At Neuberger Berman, we integrate environmental, social and governance (ESG) factors throughout our fundamental credit research process. Active engagement is a crucial element of our approach, helping to identify credit risk, and guide issuers toward practices that can enhance their credit profile over time.
In light of a changing landscape of disclosure standards and expectations, the Non-Investment Grade Credit team recently conducted our second annual roundtable discussion, meeting with 34 corporate issuers. Joined by our ESG Investing colleagues, we explained our ESG approach and general trends in the industry, and offered practical guidance for issuers.
Among the key points to emerge:
- ESG factors continue to gain importance for investors, reflected in the growing number that are shifting their investment focus toward ESG and the continued acceleration in inquiries about ESG practices that we receive from clients—all while the world has faced a crisis of historic proportions.
- Informational demands from investors are becoming more voluminous and specific, as their expectations grow for disclosure and improvement, particularly on social and climate practices.
- We provided overviews on various elements of our process, including our internal research, proprietary ESG ratings and scorecards, data science, climate risk assessments, and the use of select third-party data.
- For issuers, we argued that understanding the various metrics that could affect their ESG profile is crucial in seeking to both improve their scoring and to gain recognition among investors for their progress.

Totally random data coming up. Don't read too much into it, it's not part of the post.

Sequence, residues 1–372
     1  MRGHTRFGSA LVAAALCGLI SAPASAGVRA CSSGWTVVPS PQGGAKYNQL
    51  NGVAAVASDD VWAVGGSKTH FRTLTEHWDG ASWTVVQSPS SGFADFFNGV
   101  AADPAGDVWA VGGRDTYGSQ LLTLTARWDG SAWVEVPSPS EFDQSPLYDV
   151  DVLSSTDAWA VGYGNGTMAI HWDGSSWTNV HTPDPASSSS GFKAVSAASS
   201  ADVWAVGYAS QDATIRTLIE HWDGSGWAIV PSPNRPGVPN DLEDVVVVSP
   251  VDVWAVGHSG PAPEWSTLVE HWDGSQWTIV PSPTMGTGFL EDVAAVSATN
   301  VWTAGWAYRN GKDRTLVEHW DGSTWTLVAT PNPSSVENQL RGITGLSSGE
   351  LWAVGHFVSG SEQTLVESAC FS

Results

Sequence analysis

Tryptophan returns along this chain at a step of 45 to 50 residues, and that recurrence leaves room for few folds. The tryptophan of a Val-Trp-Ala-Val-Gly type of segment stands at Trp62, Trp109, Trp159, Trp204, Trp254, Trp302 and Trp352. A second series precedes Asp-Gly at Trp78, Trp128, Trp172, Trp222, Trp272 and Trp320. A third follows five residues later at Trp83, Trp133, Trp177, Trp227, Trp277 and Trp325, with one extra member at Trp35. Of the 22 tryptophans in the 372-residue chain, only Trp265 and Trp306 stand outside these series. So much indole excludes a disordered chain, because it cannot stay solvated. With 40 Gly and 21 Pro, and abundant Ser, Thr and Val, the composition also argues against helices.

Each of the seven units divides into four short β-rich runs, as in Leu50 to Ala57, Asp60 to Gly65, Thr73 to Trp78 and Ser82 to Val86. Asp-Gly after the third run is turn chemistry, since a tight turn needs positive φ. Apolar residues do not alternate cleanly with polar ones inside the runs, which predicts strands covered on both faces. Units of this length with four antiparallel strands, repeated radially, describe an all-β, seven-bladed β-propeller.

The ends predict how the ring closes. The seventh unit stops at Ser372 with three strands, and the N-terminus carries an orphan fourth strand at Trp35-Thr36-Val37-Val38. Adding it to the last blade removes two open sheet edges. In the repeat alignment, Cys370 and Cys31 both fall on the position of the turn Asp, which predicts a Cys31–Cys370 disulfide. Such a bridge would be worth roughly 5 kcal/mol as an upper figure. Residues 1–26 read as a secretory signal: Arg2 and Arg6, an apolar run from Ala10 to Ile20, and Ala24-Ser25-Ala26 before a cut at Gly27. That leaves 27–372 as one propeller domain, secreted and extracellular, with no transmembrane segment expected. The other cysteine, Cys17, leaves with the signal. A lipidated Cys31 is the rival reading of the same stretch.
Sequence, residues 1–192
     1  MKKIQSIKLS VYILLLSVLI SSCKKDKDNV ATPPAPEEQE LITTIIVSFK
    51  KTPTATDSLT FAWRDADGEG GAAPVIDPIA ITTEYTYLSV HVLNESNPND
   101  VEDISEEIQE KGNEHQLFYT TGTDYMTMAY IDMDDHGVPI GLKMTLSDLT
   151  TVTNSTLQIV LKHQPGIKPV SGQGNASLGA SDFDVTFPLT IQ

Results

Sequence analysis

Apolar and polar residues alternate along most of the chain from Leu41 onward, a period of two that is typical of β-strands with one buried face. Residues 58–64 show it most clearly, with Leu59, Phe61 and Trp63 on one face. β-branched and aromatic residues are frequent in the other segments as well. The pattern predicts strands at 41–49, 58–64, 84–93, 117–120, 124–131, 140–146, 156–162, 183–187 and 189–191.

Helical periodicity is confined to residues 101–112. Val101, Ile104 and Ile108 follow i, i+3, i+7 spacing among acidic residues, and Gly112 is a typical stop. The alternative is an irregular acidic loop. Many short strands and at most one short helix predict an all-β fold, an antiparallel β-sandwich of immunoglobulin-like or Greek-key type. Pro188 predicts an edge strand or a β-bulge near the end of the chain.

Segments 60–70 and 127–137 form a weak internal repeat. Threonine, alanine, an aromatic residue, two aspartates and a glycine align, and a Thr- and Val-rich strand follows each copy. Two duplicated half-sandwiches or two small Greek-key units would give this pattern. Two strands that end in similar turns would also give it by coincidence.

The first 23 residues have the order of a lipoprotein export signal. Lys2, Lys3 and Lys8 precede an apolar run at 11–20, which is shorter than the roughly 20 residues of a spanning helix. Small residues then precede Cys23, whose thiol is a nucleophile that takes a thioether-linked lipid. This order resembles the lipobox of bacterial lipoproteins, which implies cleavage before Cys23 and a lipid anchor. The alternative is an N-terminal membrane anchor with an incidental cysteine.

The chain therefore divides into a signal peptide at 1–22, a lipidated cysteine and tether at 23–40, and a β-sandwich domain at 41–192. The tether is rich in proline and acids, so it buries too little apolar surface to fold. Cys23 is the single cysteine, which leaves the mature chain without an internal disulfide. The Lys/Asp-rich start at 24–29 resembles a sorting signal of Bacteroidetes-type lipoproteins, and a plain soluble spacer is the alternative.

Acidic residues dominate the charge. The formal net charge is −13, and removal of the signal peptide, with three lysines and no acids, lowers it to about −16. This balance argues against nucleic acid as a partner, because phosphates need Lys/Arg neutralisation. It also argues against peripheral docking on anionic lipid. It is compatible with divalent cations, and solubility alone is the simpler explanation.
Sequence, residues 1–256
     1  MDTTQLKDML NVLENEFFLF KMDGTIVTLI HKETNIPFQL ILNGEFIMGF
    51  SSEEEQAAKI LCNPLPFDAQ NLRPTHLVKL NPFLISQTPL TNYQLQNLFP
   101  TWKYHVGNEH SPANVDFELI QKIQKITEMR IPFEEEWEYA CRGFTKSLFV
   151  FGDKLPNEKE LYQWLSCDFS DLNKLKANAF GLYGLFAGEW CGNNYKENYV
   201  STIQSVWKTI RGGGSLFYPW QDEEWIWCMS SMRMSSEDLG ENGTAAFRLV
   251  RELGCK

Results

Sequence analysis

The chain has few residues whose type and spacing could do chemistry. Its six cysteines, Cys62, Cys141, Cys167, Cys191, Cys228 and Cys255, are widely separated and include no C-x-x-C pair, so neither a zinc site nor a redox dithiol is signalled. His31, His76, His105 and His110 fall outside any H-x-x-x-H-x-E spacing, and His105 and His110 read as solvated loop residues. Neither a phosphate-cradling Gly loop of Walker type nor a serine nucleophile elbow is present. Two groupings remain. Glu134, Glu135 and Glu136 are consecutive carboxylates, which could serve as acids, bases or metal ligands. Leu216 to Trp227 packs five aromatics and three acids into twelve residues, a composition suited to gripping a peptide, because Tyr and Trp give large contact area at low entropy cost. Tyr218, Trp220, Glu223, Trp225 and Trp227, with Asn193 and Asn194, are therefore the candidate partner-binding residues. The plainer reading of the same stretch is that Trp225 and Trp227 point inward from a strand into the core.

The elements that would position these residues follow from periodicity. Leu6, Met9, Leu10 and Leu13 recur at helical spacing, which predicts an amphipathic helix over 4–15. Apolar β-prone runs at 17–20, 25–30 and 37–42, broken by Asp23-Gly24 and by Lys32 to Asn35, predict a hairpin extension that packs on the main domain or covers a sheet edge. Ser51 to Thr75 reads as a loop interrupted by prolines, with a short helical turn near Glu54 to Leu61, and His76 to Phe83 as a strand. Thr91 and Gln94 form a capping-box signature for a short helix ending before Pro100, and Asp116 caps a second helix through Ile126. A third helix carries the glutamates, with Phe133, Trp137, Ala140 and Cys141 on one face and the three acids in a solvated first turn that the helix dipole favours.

- Tactically, we suggested that issuers take a methodical approach to improvement, identifying and then acting in a few key areas that are closely aligned with their core businesses, and then reporting those changes publicly. Repeating this process can have a gradual, positive impact on perceptions and support credit stability.
- Although some investors may simply avoid certain carbon-heavy industries, like airlines or energy, others are open to investing in these industries where there is measurable progress toward long-term goals on efficiency and/or carbon offsets.
Given the rapidly evolving nature of ESG disclosure and performance standards, we believe that active engagement between investors and companies is crucial to maintain a common understanding of key information flows and needed evolution in policies and practices. The roundtable was just a small part of our efforts to facilitate dialogue. We look forward to our third annual roundtable next year and a continuing dialogue with company management.